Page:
The Toyota FCHV-adv Highlander is a fuel cell prototype that runs on hydrogen. / TOYOTA via CBS NEWS
(CBS News) When it comes to cars, Toyota thinks hydrogen fuel cells are one of the technologies of the future. And the company isn't alone.
Offering the promise of a clean ride with long range, it's a technology automakers are racing to perfect, and one they're betting will catch on.
"We see fuel cells as the ultimate answer (down the road) to zero-emission vehicles," Toyota spokesman Wade Hoyt told CBSNews.com. "By 2020, we're going to have fuel cells as an important part of our portfolio."
By 2015, Toyota plans to release a hydrogen fuel cell sedan to the general public, priced at $50,000.
In the meantime, it's lent prototype hydrogen fuel cell Highlanders to research institutions and government agencies like the Port Authority of New York and New Jersey, as part of a testing and demonstration program.
In these Highlanders, fuel cells produce electricity by mixing oxygen from the air with hydrogen gas stored on board in four high pressure tanks. The byproduct is mostly water, and so instead of the usual cloud, the tail pipe leaves small puddles.
CBSNews.com took one of the vehicles for a spin at New York's JFK airport, where the Port Authority uses the Highlander on loan as part of its regular automotive fleet.
From the start, the car barely made a noise.
"The vehicle is extremely quiet," said Thomas Bosco, the Port Authority's interim director of aviation. "That takes some getting used to."
It glided onto the JFK Expressway, easily keeping up with the surrounding gasoline cars.
"I've heard that the acceleration is equivalent to that of a four-cylinder conventional engine, but I thought it was much better," said Bosco.
The car can travel more than 400 miles without refueling, on par with gasoline cars and more than twice the range of most electric vehicles.
And because the exhaust is mostly water, fuel cell cars emit no harmful pollutants during use. Their overall environmental impact, however, depends on the source of the hydrogen -- the earth's most abundant element, but almost never found on its own.
"You can extract it from natural gas, but then you're dealing with another fossil fuel," said Hoyt. "You can also extract it from water, using a lot of electricity."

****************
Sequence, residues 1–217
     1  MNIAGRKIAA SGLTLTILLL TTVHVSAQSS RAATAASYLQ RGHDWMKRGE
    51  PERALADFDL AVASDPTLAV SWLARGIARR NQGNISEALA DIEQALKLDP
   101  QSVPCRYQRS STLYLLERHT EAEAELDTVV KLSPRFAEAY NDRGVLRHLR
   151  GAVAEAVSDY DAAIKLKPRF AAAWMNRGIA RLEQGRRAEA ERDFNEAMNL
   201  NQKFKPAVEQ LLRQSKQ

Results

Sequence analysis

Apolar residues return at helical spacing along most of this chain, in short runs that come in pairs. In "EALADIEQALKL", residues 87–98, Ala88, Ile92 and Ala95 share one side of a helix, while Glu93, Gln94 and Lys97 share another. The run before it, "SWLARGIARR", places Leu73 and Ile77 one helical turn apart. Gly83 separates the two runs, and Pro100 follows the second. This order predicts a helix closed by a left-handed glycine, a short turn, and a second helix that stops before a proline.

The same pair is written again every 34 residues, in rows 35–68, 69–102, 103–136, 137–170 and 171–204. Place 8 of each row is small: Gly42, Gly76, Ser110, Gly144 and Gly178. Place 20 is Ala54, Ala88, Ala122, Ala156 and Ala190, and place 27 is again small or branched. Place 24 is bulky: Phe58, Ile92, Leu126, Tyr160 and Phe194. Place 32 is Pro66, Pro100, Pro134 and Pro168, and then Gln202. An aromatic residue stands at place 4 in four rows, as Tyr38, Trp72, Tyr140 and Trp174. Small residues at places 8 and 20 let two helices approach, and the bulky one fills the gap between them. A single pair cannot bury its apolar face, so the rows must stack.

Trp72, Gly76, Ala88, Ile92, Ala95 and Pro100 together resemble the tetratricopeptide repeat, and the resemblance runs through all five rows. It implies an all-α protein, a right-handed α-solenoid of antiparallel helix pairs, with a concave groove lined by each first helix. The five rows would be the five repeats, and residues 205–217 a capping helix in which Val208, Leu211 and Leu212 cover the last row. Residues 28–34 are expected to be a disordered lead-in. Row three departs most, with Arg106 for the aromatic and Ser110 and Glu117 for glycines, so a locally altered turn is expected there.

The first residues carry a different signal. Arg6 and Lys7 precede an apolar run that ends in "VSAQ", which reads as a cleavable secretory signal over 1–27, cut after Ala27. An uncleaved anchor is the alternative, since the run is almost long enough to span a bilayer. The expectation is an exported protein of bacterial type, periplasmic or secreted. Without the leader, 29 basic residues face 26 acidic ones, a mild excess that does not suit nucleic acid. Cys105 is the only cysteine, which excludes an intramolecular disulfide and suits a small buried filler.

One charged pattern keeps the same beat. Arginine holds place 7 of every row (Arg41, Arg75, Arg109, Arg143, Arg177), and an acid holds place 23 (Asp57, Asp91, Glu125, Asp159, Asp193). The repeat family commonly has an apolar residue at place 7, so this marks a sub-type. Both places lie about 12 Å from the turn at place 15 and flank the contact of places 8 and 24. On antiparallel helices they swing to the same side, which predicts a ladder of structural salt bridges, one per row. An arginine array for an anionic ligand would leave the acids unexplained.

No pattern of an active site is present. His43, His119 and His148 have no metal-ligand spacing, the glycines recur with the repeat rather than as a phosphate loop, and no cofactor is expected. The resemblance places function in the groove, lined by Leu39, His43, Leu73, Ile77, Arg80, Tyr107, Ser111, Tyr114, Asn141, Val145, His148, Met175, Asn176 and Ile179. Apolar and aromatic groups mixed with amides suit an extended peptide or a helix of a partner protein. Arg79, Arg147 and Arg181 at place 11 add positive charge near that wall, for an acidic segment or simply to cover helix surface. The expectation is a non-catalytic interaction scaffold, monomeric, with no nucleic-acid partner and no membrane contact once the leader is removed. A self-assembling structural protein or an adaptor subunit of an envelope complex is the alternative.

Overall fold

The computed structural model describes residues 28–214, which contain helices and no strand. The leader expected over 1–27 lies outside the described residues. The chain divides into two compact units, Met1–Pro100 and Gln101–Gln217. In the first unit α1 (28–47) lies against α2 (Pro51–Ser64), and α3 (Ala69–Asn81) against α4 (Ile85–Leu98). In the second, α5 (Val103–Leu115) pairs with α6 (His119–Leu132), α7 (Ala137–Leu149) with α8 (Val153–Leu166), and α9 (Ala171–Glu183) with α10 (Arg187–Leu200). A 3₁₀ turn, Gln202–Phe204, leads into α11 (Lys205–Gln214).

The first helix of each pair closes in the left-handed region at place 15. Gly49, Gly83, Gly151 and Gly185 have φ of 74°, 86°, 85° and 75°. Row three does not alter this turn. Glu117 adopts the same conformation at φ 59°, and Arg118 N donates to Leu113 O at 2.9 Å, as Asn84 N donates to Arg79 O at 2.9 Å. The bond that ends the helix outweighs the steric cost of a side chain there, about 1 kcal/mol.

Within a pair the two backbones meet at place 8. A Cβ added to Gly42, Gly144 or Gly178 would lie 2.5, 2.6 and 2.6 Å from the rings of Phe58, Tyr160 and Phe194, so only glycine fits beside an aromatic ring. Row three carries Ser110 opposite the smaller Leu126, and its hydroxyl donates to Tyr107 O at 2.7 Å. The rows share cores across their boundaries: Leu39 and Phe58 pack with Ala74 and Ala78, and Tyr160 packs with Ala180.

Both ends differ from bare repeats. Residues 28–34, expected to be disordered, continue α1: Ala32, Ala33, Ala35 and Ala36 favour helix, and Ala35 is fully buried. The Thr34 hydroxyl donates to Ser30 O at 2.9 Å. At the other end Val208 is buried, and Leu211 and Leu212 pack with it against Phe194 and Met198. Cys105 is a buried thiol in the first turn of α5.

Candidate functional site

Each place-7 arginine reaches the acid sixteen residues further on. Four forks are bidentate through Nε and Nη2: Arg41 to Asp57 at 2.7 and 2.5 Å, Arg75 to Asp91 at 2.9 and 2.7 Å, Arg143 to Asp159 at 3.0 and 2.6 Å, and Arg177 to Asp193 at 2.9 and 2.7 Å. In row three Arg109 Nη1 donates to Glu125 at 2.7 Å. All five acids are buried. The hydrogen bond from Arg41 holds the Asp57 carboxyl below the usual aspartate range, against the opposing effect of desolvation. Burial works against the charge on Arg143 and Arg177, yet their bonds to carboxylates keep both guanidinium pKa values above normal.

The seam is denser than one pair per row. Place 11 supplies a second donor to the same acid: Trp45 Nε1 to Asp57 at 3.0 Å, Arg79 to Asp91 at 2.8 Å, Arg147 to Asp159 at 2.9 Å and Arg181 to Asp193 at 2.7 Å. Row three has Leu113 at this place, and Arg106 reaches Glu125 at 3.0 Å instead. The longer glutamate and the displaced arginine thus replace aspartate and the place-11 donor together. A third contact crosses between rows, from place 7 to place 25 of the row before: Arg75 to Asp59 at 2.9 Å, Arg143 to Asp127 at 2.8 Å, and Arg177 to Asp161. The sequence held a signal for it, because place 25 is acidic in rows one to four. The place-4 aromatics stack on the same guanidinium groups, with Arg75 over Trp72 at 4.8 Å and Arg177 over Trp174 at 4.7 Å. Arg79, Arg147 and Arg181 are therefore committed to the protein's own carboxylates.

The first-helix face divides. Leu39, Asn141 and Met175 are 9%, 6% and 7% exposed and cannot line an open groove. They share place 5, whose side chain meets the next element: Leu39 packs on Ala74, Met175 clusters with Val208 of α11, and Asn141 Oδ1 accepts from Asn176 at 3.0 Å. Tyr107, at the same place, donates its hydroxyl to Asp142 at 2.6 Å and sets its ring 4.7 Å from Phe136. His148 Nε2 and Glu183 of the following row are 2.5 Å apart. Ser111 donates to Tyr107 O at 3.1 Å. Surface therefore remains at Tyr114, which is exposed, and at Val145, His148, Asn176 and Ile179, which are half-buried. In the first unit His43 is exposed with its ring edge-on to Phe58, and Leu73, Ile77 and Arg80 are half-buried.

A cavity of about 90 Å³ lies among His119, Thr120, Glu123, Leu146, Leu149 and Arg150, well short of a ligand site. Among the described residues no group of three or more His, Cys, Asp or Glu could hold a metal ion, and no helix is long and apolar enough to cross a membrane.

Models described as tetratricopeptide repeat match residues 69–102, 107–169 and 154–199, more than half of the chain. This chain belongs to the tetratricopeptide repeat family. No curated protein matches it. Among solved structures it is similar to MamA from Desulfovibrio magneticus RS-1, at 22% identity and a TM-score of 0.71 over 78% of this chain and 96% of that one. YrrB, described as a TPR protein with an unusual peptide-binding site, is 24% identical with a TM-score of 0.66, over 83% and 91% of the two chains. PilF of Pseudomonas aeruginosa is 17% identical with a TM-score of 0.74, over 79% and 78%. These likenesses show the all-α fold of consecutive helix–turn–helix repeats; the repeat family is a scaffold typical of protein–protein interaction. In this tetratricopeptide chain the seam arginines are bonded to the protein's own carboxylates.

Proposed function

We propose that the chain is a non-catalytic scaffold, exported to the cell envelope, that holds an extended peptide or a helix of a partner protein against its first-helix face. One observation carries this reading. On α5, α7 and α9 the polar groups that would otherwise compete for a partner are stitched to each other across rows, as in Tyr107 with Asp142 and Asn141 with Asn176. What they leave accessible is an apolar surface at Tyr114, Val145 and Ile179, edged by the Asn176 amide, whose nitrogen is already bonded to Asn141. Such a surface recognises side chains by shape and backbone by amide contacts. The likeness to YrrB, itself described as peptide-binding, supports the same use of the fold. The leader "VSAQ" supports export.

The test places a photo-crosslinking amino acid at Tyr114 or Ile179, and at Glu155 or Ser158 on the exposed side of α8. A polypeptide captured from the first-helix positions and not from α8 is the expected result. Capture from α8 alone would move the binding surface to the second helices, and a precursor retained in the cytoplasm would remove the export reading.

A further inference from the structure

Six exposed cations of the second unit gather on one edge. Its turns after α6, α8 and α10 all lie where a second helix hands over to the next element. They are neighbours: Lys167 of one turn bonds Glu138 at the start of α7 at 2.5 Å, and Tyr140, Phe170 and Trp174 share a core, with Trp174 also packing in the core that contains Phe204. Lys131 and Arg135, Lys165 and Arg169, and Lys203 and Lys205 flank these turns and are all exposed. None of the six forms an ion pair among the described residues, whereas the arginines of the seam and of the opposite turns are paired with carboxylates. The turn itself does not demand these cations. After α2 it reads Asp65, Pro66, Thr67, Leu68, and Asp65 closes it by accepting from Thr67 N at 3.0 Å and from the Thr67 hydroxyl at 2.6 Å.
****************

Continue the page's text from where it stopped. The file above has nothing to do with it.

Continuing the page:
There are examples in which it can be green. In Hempstead, N.Y., a wind turbine provides the necessary juice to power the process of drawing hydrogen from water. The town is using that hydrogen in a fuel cell fleet.
The initial target audience for Toyota's future fuel cell cars, said Hoyt, will be "tech-savvy, highly-educated people with high income and of course access to hydrogen fuels."
And there's the technology's biggest hurdle: Lack of infrastructure. According to the Department of Energy, there are just 10 public hydrogen fueling stations in the country. And Toyota acknowledges that the lack of stations presents a major obstacle.
"Until there are more, these vehicles will be limited to fleets like the Port Authority that have access to their own hydrogen supply," said Hoyt. "It's a whole chicken and egg thing."
In May, the government announced a public-private partnership to advance hydrogen infrastructure.
Then there's safety. Remember the hydrogen-filled Hindenburg? So does Toyota. It's equipped its prototype with leak and collision sensors than can shut off the flow of hydrogen. And the automaker has wrapped the hydrogen tanks with carbon fiber, a material it points out is used in bulletproof vests.
Even with the challenges, Toyota isn't the only automaker betting on hydrogen. General Motors and Honda announced a fuel cell partnership in July. Hyundai hopes to sell its versions by 2015.
When it comes to testing them, the Port Authority offers a natural testing ground, said Hoyt.
"Port Authority has the hydrogen, they're interested in advanced vehicles, the majority of their fleet are alternative fuel vehicles, so it's a good fit."
It's a challenging environment, Bosco added. "If they can make it here, they can make it anywhere."